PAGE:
Internal working of Python
Python is an object-oriented programming language like Java. Python is called an interpreted language. Python uses code modules that are interchangeable instead of a single long list of instructions that was standard for functional programming languages. The standard implementation of python is called “cpython”. It is the default and widely used implementation of Python.
Python doesn’t convert its code into machine code, something that hardware can understand. It actually converts it into something called byte code. So within python, compilation happens, but it’s just not into a machine language. It is into byte code (.pyc or .pyo) and this byte code can’t be understood by the CPU. So we need an interpreter called the python virtual machine to execute the byte codes.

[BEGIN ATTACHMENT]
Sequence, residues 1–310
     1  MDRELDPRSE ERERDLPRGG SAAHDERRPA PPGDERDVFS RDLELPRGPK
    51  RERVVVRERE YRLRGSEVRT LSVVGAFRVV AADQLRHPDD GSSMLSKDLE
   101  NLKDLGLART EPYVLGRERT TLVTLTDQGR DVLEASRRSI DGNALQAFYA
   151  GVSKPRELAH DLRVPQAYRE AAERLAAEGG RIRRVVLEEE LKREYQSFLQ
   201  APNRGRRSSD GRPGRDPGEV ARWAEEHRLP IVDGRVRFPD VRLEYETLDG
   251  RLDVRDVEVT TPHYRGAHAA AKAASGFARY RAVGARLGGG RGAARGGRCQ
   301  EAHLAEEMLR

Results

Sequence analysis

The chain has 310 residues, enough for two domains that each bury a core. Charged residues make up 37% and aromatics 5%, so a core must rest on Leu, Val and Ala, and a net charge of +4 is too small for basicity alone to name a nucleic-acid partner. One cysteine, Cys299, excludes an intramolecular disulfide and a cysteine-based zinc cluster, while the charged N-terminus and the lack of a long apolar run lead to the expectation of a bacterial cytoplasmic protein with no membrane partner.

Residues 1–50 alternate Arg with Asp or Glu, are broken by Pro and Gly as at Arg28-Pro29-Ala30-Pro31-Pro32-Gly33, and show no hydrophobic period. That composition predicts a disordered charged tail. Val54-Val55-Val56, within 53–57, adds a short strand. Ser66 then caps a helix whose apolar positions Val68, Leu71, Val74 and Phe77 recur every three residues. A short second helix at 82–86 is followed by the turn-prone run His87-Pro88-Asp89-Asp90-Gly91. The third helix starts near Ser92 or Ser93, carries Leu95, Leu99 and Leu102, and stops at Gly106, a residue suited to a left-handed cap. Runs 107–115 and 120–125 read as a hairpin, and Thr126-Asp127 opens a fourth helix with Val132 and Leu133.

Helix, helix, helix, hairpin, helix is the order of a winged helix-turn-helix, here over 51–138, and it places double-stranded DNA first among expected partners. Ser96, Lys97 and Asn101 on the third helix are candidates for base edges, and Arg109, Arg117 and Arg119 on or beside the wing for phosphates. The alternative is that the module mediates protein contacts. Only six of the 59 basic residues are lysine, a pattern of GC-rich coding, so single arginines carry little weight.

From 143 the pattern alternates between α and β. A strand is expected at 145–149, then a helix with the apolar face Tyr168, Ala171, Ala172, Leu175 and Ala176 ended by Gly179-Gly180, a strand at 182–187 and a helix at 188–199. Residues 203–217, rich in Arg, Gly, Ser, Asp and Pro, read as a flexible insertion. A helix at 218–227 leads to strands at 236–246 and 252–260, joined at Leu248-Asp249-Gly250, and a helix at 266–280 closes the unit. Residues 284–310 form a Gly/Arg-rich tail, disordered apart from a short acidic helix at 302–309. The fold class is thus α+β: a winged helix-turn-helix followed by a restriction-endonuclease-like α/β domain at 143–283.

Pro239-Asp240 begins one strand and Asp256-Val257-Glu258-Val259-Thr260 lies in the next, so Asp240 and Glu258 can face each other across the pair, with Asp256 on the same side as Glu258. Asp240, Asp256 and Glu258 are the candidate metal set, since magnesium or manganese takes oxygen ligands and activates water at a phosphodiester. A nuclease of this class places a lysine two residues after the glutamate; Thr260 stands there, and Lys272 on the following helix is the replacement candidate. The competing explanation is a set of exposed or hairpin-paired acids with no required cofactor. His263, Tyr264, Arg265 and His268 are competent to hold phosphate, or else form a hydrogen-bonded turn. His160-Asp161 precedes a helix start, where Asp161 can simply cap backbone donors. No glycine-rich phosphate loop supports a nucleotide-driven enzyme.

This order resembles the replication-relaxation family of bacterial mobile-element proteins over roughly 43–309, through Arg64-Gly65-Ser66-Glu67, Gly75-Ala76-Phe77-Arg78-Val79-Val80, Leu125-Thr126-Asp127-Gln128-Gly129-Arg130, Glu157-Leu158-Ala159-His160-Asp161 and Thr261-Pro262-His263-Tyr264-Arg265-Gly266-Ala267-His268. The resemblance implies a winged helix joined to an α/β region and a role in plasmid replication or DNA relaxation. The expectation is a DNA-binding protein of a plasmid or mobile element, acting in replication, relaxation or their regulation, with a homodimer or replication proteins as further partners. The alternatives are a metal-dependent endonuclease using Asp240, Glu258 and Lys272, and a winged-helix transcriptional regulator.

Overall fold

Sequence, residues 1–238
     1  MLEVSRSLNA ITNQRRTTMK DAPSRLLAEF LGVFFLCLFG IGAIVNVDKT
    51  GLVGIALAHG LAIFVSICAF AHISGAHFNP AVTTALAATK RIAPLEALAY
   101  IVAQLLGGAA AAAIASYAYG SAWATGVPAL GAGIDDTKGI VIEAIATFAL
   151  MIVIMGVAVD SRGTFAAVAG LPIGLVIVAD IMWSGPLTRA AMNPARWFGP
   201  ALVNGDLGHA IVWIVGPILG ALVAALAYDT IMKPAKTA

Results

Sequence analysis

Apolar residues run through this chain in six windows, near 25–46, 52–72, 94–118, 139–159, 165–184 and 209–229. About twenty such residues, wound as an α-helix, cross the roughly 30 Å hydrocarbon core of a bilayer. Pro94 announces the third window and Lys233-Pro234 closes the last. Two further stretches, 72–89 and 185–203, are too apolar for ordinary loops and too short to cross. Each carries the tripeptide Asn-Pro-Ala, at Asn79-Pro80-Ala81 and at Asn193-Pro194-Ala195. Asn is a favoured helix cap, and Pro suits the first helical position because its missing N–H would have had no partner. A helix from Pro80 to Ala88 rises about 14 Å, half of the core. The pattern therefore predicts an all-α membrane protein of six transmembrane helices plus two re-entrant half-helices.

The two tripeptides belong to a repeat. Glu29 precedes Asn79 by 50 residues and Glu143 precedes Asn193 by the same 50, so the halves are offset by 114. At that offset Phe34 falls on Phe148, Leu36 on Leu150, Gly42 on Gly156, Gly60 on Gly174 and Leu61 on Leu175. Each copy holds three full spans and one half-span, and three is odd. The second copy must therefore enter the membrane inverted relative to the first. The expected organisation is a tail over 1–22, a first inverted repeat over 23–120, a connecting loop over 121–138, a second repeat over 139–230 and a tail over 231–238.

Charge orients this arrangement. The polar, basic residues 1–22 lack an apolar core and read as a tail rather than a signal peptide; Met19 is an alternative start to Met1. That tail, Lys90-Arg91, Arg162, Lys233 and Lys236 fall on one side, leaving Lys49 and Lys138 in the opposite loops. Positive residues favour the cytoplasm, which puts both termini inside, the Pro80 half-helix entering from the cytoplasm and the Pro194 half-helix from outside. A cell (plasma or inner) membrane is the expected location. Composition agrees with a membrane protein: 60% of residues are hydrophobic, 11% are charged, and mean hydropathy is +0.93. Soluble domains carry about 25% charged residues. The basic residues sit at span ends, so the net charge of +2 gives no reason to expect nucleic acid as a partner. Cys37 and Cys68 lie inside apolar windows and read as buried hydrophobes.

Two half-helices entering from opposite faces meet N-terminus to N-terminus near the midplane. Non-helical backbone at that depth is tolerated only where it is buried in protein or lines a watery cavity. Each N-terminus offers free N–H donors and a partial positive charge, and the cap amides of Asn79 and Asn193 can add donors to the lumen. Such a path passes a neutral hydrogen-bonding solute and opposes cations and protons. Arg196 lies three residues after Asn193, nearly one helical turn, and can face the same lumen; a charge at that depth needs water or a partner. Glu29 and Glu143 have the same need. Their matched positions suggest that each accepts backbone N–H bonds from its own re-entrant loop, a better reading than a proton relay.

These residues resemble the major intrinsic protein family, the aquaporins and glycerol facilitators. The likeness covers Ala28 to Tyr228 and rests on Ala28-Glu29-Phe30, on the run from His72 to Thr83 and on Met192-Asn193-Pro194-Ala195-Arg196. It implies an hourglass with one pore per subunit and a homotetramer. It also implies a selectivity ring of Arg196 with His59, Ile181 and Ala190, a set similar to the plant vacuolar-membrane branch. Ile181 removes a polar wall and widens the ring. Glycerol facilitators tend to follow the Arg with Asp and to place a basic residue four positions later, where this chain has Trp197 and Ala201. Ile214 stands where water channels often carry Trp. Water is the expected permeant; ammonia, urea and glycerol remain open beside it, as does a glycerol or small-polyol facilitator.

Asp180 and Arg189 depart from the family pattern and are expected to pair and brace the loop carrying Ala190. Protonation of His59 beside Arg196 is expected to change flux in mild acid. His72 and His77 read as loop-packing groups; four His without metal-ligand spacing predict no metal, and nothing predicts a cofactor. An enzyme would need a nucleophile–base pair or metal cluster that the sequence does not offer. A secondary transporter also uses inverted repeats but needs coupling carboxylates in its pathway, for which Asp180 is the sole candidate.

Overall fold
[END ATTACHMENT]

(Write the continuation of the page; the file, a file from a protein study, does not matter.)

The Python source code goes through the following to generate an executable code :
- Step 1: The python compiler reads a python source code or instruction. Then it verifies that the instruction is well-formatted, i.e. it checks the syntax of each line. If it encounters an error, it immediately halts the translation and shows an error message.
- Step 2: If there is no error, i.e. if the python instruction or source code is well-formatted then the compiler translates it into its equivalent form in an intermediate language called “Byte code”.
- Step 3: Byte code is then sent to the Python Virtual Machine(PVM) which is the python interpreter. PVM converts the python byte code into machine-executable code. If an error occurs during this interpretation then the conversion is halted with an error message.